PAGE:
Using bad checks is a larceny criminal offense in Virginia. The type of criminal charge can depend on the value of theft and a conviction may result in jail time and fines. Unfortunately, some people who accidentally wrote a bad check can face serious criminal charges. If you were accused of writing bad checks in Charlottesville, Virginia, contact an experienced attorney to fight for your rights.
Issuing Bad Checks in Virginia
Under Virginia Code § 18.2-181, issuing bad checks is a type of larceny or theft crime. According to the statute:
“Any person who, with intent to defraud, shall make or draw or utter or deliver any check, draft, or order for the payment of money, upon any bank, banking institution, trust company, or other depository, knowing, at the time of such making, drawing, uttering or delivering, that the maker or drawer has not sufficient funds in, or credit with, such bank, banking institution, trust company, or other depository, for the payment of such check, draft or order, although no express representation is made in reference thereto, shall be guilty of larceny.”
An individual does not need to make an express representation that they are intending to defraud another. The intent to defraud can be implied through the individual's actions or shown through the totality of the circumstances.
Penalties for Issuing Bad Checks
The penalties for writing a bad check is based on the value of theft or fraud. Generally, issuing bad checks involving a value of less than $500 is a Class 1 misdemeanor. As a misdemeanor, the maximum penalty for a bad check larceny conviction includes up to 12 months in jail and a fine of up to $2,500.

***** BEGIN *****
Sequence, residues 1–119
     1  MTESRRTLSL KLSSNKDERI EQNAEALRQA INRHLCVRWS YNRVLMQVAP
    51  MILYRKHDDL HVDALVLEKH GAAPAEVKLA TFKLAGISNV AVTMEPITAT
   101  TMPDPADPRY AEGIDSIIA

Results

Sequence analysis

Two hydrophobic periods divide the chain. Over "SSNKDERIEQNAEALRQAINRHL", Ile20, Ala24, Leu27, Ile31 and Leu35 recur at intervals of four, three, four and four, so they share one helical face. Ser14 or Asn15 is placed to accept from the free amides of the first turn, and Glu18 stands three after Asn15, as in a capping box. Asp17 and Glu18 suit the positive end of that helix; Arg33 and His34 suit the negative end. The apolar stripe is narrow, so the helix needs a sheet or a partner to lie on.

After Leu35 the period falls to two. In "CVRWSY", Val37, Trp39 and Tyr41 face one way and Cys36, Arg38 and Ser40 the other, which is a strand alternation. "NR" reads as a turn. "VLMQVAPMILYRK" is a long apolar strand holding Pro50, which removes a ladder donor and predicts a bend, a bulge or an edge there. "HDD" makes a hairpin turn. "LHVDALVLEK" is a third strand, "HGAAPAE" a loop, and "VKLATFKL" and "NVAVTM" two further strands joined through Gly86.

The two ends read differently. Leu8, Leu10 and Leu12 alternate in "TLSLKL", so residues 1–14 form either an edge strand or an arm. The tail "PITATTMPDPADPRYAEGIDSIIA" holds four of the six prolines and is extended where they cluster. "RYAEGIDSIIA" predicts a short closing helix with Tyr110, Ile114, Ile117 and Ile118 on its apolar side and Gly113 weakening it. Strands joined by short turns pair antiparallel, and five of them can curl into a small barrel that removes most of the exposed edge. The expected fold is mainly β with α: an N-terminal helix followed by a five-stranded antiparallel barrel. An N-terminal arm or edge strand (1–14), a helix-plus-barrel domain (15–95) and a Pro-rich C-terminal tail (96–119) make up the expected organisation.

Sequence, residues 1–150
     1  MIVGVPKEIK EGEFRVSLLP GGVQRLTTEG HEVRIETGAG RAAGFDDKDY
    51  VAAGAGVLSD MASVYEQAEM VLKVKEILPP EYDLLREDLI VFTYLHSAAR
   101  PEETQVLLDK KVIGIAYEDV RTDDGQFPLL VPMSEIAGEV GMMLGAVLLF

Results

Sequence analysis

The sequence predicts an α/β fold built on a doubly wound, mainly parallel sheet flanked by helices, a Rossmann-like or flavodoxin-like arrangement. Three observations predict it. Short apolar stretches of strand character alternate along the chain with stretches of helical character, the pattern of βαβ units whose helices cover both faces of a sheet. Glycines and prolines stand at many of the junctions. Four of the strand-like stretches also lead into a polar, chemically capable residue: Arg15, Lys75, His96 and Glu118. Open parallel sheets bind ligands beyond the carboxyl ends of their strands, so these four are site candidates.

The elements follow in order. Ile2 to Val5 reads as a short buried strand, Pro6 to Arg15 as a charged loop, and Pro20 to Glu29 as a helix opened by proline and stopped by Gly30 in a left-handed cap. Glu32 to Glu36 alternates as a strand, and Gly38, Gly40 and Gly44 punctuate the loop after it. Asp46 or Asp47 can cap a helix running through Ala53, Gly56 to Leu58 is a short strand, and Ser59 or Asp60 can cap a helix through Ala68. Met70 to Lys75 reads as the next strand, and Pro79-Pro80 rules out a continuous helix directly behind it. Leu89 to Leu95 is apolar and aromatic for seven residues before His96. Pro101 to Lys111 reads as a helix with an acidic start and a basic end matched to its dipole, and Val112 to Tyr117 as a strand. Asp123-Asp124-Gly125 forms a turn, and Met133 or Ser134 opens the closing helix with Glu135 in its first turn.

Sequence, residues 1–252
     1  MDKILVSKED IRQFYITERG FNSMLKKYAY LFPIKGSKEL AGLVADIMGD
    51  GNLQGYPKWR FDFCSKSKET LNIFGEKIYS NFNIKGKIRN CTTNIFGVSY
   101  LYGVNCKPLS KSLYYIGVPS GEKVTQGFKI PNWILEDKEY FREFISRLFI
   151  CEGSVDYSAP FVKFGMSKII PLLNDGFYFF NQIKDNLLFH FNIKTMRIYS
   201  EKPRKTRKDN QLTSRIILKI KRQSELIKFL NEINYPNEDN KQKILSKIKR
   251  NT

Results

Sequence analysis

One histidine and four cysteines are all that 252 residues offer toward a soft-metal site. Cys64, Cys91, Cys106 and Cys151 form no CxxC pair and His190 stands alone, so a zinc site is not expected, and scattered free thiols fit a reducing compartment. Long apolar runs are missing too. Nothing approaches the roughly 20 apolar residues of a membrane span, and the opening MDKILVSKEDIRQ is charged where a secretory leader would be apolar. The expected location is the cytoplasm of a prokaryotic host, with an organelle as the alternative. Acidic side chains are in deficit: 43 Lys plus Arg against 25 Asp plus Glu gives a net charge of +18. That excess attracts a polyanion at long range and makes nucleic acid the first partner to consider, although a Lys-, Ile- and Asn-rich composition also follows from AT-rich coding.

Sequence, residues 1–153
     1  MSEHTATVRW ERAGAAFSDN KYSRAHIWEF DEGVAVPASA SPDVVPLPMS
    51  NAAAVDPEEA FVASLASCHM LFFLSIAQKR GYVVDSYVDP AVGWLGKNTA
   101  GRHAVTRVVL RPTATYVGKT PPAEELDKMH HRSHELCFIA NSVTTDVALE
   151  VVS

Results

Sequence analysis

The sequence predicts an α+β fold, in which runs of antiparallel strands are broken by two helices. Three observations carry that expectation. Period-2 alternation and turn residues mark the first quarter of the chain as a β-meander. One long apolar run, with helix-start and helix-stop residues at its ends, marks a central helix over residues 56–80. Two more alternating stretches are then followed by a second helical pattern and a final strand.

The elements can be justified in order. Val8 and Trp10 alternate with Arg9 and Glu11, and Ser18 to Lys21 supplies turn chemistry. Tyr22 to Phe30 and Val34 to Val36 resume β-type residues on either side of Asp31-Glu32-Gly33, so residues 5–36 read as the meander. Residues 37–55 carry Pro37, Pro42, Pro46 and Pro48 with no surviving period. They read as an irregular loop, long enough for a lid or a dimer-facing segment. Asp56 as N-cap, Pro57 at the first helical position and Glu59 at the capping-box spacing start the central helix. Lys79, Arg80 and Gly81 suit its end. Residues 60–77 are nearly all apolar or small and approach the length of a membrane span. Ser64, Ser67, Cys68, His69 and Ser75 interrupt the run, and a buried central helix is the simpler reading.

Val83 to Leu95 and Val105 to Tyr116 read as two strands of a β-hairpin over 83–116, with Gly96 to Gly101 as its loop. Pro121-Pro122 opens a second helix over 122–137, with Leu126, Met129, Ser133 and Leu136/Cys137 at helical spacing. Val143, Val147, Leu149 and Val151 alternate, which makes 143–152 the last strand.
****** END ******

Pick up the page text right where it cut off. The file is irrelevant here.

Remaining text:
Check fraud involving a value of $500 or more may be punishable as a Class 6 felony. A felony conviction can include between one and five years in prison. However, the court can also punish a Class 6 felony conviction by jail for up to 12 months and a fine of up to $2,500.
In addition, the defendant may also be required to pay restitution to the victims.
Multiple Bad Check Charges
If the defendant issued multiple bad checks, each bad check may be charged as a separate offense. Multiple offenses may also result in the judge or jury handing down a more serious sentence.
In many cases, the prosecutor will use multiple offenses as a way to motivate the defendant to plead guilty in exchange for dropping some of the charges or requesting a lighter sentence. However, it is important to understand your rights before agreeing to plead guilty to criminal charges. Talk to your Virginia criminal defense lawyer about your rights, defenses, and options for challenging criminal charges.
Bad Check Defenses in Virginia
Just because you wrote a bad check does not necessarily mean you should be convicted of a crime. There are a number of possible legal defenses to challenge the prosecutor's case. Possible defenses may include:
- Defendant did not know the account had insufficient funds, depending on the circumstances,
- The check was altered by the individual cashing the check to reflect a greater amount,
- Defendant did not issue the check,
- Defendant did not intend to defraud, or
- The checks were stolen and used by another.
Charlottesville Check Fraud Lawyer
Even as a misdemeanor, a conviction can leave you with a criminal record. There are ways to challenge the conviction and keep your record clean and stay out of jail. If you have been accused of issuing bad checks or other fraud crimes in Charlottesville, contact me today for a free consultation.